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Benchtest 08.2021, impact of FIMA on fund transfer, insuring risk benefits and more...
We cannot report any further progress, and it appears the Act is currently with the Ministry of Justice. I would think that it must also still go through Inland Revenue’s hands. From the tax perspective, FIMA certainly would require a thorough review and amendments.
Home office expenses and your tax return
In a letter to the Institute of Chartered Accountants of Namibia of 21 September 2021, NamRA acknowledges that –
Pension fund governance - a toolbox for trustees
Registered service providers
If you want to find out whether your service providers are registered, or whether you need to establish directly from NAMFISA because the service provider does not appear on the list, use this link...
In our Benchmark column, read about…
In media snippets, read –
...and make a point of reading what our clients say about us in the ‘Compliments’ section. It should give you a good appreciation of who and what we are!
Follow this link to the monthly Performance Review and read paragraph 6.
FIMA bits and bites – key points to consider when joining another fund after FIMA
FIMA will raise the goalposts for funds, trustees, and service providers materially. Compliance failure under FIMA may lead to imprisonment of up to 10 years and penalties of up to N$ 10 million. In certain instances, even trivial administrative shortcomings can result in imprisonment. Boards of trustees currently often comprise the employers’ senior management members, and imprisonment would automatically disqualify the senior management member from filling any senior position at the employer. As a result, many employers and trustees are contemplating a move to an umbrella fund. We would advise that funds better carry out their decision to move to an umbrella fund before FIMA becomes effective.
Funds must take note of the following few key points applicable once FIMA is in place:
An inconspicuous NAMFISA circular suddenly causes havoc amongst pension funds
When Namibia became independent, Namibia took over the South African laws applicable to Namibia at the time. One of these laws was the Pension Funds Act, and South African pension fund management practices also continued, based on the same laws.
For longer than I care to remember, South African and Namibian funds offered death- and disability benefits. In most cases, insurance companies did and still reinsure these benefits. Rules would refer to the fact that these benefits are reinsured and are subject to the insurer’s terms and conditions, limitations, and exclusions. Except for the GIPF, funds in Namibia are too small to carry any death or disability risk. In a pure defined contribution fund, the fund would not have any reserves to absorb any difference between the benefit it has to pay and the insurance recovery. Namibian funds may still maintain a reserve for such purposes, but FIMA prohibits defined contribution funds to maintain a risk reserve. South African defined contribution funds are not allowed to carry such reserve.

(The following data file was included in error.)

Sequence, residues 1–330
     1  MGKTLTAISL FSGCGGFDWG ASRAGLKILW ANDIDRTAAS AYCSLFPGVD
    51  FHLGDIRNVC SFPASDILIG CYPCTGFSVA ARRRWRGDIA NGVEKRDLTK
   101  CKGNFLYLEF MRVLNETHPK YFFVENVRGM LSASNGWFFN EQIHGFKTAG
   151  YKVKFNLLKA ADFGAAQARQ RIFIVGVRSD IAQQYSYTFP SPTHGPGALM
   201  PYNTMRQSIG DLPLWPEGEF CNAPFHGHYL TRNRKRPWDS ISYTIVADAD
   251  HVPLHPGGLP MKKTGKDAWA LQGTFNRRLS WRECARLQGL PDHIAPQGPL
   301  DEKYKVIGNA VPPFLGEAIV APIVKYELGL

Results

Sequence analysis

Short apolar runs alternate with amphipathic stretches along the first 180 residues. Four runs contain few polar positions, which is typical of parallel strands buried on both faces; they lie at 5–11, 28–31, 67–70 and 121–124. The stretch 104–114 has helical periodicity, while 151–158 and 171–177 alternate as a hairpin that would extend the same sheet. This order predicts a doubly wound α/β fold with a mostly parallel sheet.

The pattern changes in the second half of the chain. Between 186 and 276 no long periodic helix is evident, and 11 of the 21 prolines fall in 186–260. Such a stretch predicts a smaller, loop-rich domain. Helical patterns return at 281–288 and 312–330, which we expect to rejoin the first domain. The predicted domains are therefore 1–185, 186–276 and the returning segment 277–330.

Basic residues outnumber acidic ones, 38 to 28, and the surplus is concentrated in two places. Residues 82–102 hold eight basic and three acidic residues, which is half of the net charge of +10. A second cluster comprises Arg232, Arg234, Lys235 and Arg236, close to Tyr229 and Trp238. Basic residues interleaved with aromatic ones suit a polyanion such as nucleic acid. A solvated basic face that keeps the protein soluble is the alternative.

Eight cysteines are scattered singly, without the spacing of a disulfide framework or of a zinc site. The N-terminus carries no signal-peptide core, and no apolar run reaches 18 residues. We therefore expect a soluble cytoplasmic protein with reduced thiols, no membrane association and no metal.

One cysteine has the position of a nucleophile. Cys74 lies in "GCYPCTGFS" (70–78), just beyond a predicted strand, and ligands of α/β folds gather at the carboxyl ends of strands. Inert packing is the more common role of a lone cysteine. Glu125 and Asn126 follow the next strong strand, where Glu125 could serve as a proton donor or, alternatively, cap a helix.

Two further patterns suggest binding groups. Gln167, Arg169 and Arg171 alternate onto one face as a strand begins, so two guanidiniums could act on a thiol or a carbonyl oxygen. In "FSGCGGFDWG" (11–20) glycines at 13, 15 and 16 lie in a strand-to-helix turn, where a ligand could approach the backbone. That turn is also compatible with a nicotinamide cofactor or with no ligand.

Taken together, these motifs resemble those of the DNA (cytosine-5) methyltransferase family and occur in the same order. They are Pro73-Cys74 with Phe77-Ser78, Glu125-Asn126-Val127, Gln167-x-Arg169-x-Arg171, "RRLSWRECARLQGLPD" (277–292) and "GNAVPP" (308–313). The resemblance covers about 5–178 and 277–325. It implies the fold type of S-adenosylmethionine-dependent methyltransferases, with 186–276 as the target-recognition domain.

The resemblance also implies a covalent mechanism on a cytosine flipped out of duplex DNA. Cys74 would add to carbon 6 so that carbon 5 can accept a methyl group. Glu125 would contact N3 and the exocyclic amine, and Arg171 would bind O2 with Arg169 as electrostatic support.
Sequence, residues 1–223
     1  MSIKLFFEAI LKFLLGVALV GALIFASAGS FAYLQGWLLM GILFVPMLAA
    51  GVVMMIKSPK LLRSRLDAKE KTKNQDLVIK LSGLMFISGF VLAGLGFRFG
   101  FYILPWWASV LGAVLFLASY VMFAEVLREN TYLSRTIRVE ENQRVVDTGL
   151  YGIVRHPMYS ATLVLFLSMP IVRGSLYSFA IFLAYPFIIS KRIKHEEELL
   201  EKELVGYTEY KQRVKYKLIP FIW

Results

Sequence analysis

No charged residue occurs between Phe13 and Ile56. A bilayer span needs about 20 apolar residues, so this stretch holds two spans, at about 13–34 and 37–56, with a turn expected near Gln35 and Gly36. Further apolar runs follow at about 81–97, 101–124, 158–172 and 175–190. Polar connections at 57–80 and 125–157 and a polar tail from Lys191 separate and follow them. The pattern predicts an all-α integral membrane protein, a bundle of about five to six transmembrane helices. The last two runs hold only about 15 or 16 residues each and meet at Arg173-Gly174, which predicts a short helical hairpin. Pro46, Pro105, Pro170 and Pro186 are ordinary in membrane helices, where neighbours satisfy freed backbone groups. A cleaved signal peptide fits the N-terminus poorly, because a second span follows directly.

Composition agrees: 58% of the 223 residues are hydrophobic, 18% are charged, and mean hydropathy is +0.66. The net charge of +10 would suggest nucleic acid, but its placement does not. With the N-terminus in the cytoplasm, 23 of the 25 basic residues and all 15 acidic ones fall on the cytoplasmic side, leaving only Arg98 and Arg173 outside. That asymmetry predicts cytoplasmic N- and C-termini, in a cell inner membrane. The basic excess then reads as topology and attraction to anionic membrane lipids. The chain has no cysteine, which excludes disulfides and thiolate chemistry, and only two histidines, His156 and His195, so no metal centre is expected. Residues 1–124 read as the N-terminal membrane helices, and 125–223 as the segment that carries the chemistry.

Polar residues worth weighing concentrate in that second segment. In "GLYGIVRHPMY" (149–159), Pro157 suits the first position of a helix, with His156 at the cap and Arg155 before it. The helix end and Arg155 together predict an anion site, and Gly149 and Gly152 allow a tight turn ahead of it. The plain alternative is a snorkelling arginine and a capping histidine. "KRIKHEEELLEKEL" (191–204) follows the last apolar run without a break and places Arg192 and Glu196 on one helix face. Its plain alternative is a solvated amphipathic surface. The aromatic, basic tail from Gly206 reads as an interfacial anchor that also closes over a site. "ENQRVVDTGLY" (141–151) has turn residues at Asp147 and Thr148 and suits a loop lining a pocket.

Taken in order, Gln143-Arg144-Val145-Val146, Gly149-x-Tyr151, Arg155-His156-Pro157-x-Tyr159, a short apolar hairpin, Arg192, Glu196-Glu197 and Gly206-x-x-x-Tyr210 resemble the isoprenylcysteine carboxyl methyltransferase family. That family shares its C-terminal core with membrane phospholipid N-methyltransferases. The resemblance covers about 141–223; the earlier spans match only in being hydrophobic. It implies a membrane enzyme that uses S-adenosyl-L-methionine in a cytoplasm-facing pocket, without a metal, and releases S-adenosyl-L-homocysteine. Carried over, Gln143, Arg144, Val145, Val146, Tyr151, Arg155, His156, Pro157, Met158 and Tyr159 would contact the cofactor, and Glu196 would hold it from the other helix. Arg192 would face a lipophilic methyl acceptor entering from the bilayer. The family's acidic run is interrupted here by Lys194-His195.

In 20017 NAMFISA issued circular PI/PF/Cir/01/2017. This circular served to advise funds that no Board of Trustees is permitted to abdicate any of its powers, duties, or responsibilities... in the process of outsourcing certain functions to service providers... The Boards of all Funds are further advised that they will be held fully responsible for action taken by a service provider or other person on behalf of the Fund.”
Since the beginning of this year, NAMFISA no longer accepts any reference to the fund’s insurance policy. All-of-a-sudden it requires full disclosure of the insurers’ terms and conditions, restrictions, and exclusions, arguing that a general reference to the insurance policy is an abdication of the board’s powers and that the trustees must take all decisions regarding death benefits. This requirement derives from NAMFISA circular PI/PF/Cir/01/2017 that it issued nearly five years ago!
NAMFISA also quotes section 11(d) of the PFA. Section 11 (matters the rules must include) states the following in subsection (d): “the conditions under which any member or other person may become entitled to any benefit and the nature and extent of any such benefit;” Therefore, according to NAMFISA, rules must reflect all terms and conditions, limitations and exclusions. NAMFISA goes further and effectively outlaws the exclusion of causes relating to civil commotion, strikes, and labour unrest, arguing that these are the member’s constitutional rights. Whether NAMFISA will apply the same logic to insurance companies is not known yet. NAMFISA now acts as custodian of any law in the Republic of Namibia, including its constitution. It extends its reach even further. It argues that any reference in the rules to an insurance policy means that the fund is undertaking insurance business. It supposedly contravenes section 10 of the PFA. That section allows funds to only carry on pension fund business, as defined in the PFA.
Effectively from one day to the next, pension funds are now accused of doing business illegally. For the past eight months, NAMFISA has been declining many, if not most, applications to register rule amendments and rules. Many funds are paralysed, very often to the detriment of the member.